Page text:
Verizon Communications (NYSE:VZ) has a new financial backer, and it's no less than perhaps the most well-known, most successful investor of all time. Warren Buffett's Berkshire Hathaway disclosed a new investment in the telecommunications giant. Shares of Verizon spiked on the day of the announcement, and it's not hard to see why.
In its regulatory filing with the Securities and Exchange Commission, Berkshire Hathaway revealed it owns 11 million Verizon shares, which amount to a roughly $530 million investment. Buffett is known as a value-investing guru, and on further inspection, it's clear that Verizon displays a host of qualities that make it an ideal choice for the Oracle of Omaha.
Verizon is a cheap stock, generates strong free cash flow, enjoys a strong brand and sizable economic moat, and has a valuable asset in tow after buying out the remainder of Verizon Wireless from Vodafone (NASDAQ:VOD).
Read on to discover the motives behind Buffett's purchase, and whether you should follow his lead.
Classic value play
Warren Buffett has long preached the merits of value investing, whereby an investor seeks to calculate a stock's intrinsic value. In other words, the strategy is all about paying $0.50 for $1. Many of Buffett's investments generate strong free cash flows, backed by solid brands, capable management, and an economic moat securing the business from competition. Those benefits are enhanced when you purchase a stock trading at a discount.
Verizon certainly fits the bill on these measures. Providing nationwide cable, Internet, and phone service is an industry nearly impossible for new competition due to the extremely high costs of building out a network. This means that the barriers to entry are very high, which results in a reliable source of profits.
This is evident by Verizon's hefty free cash flow. This is a financial metric that analyzes how much cash a company generates from its underlying operations, deducting money spent on capital expenditures. For example, Verizon racked up more than $22 billion in free cash flow just last year. With this, Verizon is able to send back a lot of cash to its shareholders, primarily in the form of its generous dividend payments.
Verizon distributed nearly $6 billion in dividends to shareholders last year. On a per-share basis, Verizon offers a healthy 4.3% yield. Even better, thanks to the reliability of its business model, Verizon is able to bump up its dividend on an annual basis.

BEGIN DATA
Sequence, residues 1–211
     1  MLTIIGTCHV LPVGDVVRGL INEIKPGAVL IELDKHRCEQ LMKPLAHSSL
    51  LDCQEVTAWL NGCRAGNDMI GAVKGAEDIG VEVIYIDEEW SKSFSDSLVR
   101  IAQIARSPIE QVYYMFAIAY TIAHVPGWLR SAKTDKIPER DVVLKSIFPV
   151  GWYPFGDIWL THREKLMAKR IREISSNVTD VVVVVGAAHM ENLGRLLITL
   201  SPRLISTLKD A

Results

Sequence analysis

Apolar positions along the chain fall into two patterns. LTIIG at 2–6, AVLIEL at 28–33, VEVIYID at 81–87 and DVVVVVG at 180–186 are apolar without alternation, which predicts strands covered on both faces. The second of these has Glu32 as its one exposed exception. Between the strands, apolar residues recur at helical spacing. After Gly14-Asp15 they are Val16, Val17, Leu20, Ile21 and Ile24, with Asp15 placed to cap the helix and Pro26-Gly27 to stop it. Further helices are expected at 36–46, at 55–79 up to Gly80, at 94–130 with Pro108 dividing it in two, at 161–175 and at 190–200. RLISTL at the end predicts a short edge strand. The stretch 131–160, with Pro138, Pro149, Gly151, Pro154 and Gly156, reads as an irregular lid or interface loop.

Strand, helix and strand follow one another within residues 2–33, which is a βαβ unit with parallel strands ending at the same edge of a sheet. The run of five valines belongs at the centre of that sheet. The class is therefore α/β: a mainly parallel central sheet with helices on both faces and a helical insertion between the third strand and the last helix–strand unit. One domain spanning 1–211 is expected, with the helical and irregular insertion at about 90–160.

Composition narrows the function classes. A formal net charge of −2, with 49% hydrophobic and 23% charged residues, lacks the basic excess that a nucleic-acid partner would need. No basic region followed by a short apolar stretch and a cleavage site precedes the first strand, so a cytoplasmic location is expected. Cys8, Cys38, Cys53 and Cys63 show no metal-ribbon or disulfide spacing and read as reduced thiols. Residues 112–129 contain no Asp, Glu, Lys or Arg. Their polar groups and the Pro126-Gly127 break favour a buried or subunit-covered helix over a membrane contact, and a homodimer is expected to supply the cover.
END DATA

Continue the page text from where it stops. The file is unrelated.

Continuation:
In addition, Verizon has a clear catalyst for continued future growth, thanks to its purchase of Verizon Wireless, and an attractive valuation.
Compelling value opportunity
Last year, Vodafone sold its 45% stake in Verizon Wireless to Verizon Communications for $130 billion. The deal obviously made sense for Verizon, since it now has the advantage of bringing in the remainder of its highly profitable wireless business that it didn't already own. Verizon stated the deal would immediately boost earnings per share by 10%.
Verizon Wireless is an absolute goldmine. It's the largest and most profitable wireless carrier in the United States. In the first quarter, Verizon Wireless increased service revenue by 7.5%, far outperforming the overall company's 4.8% revenue growth. The wireless business should provide plenty of cash flow to support the company's hefty dividend for a long time. Even better, Verizon is fairly cheaply priced, from a valuation perspective.
Verizon generated $4 per share in earnings last year, meaning the stock trades for just 12 times trailing earnings per share. It's off to a good start this year as well; Verizon racked up 23% growth in adjusted EPS in the first quarter.
The key takeaway is that Verizon appears to be a haven for value investors, including the most famous value investor, Warren Buffett. Verizon provides ample free cash flow and returns a large portion of its cash to investors. In addition, the stock is fairly cheap. As a result, it's not surprising to see Buffett take a stake in Verizon, a stock that's got plenty to offer.
Bob Ciura has no position in any stocks mentioned. The Motley Fool recommends BRK-B and VOD. The Motley Fool owns shares of BRK-B. Try any of our Foolish newsletter services free for 30 days. We Fools may not all hold the same opinions, but we all believe that considering a diverse range of insights makes us better investors. The Motley Fool has a disclosure policy.